Chitral is a town located at al elevation of around 1800 m in the Hindu Kush Mountains and its the district HQ of Chitral district in the Khyber Pakhtunkhwa of Pakistan near the border with Afghanistan.
Because of its strategic location it was witness to many events in the Great Game as it played out between the British Empire and the Tsarist Russia. With the formation of the state of Jammu and Kashmir in 1846 and the subsequent conquest of Gilgit / Hunza the Chitral region also came under the influence of the Maharaja of Jammu and Kashmir in 1876 with the blessings of the British. However once they leased out Gilgit from the Maharaja to keep on eye on the Russians and thus the Gilgit Agency was formed. Chitral was taken out of the Maharaja’s realm of influence and made a part of what came to be called the NWFP.
However there was an incident in Chitral which tested the resolve of the British to hold on to Chitral. Chitral had a semi-independent Ruler called the Mehtar who was subservient to the British. In 1892 the Ruler of Chitral, Aman ul Mulk expired and he had ruled since 1857. His death was followed by a brutal war of succession between his sons. And the British watched this and so did their Garrison of 400 men who were housed inside the Chitral Fort by the Chitral River. The old Ruler was succeeded by a son but his brother (the departed Mehtar’s) also appeared on the scene from exile in Kabul. And so did another son who was under British protection. And if that wasn't enough an Afghan tribal leader with his men also turned up. Without getting into details let me say it was a mess and the British Garrison which had 5 British Officers commanding the 14th Sikh and Kashmiri Infantrymen from the Maharaja’s Army were under siege.
Meanwhile the British decided to send some relief columns to the aid of the defenders of the Fort. The troops were gathered in Gilgit and they consisted of 400 Sikh Pioneers mostly Road Builders, some 50 Kashmiri Sappers and a troop of irregular Hunzais numbering around 800 men. All tough Mountain men. They needed to be tough as it was March and between Chitral and Gilgit lay the formidable Shandur Pass crossing which in Winter was never really thought of as a possibility. This is the same Shandur Pass where nowadays the Shandur Polo Match is held between the Chitralis and the Gilgitis. At 3700 m it lay where the Karakorams met the Hindu Kush. Col James Kelly didn't really have an option and this was the option he had.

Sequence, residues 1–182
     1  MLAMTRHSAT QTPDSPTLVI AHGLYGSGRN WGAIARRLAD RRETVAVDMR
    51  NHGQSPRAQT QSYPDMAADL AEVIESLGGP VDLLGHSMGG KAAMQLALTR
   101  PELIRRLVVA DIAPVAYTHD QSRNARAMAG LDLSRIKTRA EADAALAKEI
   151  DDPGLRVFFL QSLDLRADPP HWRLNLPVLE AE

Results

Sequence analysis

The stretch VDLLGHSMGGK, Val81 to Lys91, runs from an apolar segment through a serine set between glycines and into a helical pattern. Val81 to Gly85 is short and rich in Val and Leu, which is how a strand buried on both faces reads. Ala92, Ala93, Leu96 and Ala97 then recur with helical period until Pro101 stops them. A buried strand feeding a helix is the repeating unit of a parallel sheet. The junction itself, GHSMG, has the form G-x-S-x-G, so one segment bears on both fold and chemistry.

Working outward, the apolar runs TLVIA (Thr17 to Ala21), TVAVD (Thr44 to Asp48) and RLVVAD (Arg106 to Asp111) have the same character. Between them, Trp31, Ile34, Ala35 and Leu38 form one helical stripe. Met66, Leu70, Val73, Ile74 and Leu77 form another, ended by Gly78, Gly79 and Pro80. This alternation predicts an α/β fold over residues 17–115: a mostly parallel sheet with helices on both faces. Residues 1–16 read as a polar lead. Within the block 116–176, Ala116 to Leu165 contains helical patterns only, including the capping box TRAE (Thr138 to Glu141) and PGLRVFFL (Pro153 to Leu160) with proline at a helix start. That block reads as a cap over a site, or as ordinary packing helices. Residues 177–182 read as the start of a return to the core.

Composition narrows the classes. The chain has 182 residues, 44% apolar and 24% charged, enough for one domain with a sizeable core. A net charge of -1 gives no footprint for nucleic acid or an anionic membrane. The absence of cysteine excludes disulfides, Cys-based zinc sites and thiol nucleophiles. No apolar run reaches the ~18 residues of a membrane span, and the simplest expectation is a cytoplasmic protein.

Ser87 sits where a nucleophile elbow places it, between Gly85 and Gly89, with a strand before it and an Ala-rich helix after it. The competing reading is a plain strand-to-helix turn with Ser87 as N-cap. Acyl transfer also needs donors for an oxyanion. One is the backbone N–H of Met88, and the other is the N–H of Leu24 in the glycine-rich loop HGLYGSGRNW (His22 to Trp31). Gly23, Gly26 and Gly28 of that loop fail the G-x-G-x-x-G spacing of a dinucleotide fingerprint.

And they set off on March 23rd. By March 30 they had crossed 10,000 ft and well into the snowline and the snow was deep. But they had the element of surprise and the Chitralis on the other side of the Pass had no inkling that a whole body of troop could cross the Pass in late Winter. It's said that after crossing the Snowline the porters saw what was in store for them as the snow around Shandur was waist deep. And they decided to drop their loads and go back. But the Soldiers didn't really agree with them and you can't really win an argument with Men who carry guns. They got back to their duty and Sledges were used to transport the heavy Guns over the Pass. Once they were over the Pass did the Chitralis realise that they had uninvited Guests coming over to the aid of the besieged Garrison in the Chitral Fort.
In the meanwhile a huge British Force of 15000 was assembled in Peshawar and set off. Joining them unofficially was our old friend, Lt Col Francis Edward Younghusband. This force set off a week after Kelly’s force under General Law. The serious British reaction to this incident was due to the fear of the Russians taking advantage and Ivan and Cossacks coming to the party. They also faced the formidable Malakand Pass and the eventually the Lowari Pass. The Malakand Pass defended by Umar Khan’s 12,000 Afghan fighters which they overcame as the Afghans dispersed. And they crossed the Lowari on the same day that Kelly’s force entered Chitral and the Fort. And it is said that Younghusband ran in front of the detachment and was the first from this force to enter Chitral. And apparently they had finished the last bottle of Brandy the night before. Hangover makes you do crazy things.
Anyways at the end of the day the British got the Fort and the control of Chitral. Many of the Troops got the Chitral Relief Medal. And i should mention that my fellow team Member Rijul Gill’s grandfather was also awarded a Chitral Relief Medal which he still has in his possession.
As for Chitral once they re-established control in 1895 the British installed Shuja-ul -Mulk, a 12 year old son of the late Mehtar as the Mehtar and he ruled for a period 41 years till 1936 and peace returned for good to Chitral.
And I should mention that Chitral is beautiful country. And its the home of the Kalash. It used to be called Peristan as it was said that fairies lived there. If I was a Fairy I would Chitral as home. Its just beautiful.
Pic of the Chitral Fort by the Chitral River. Phot credit Syed Imran Scach.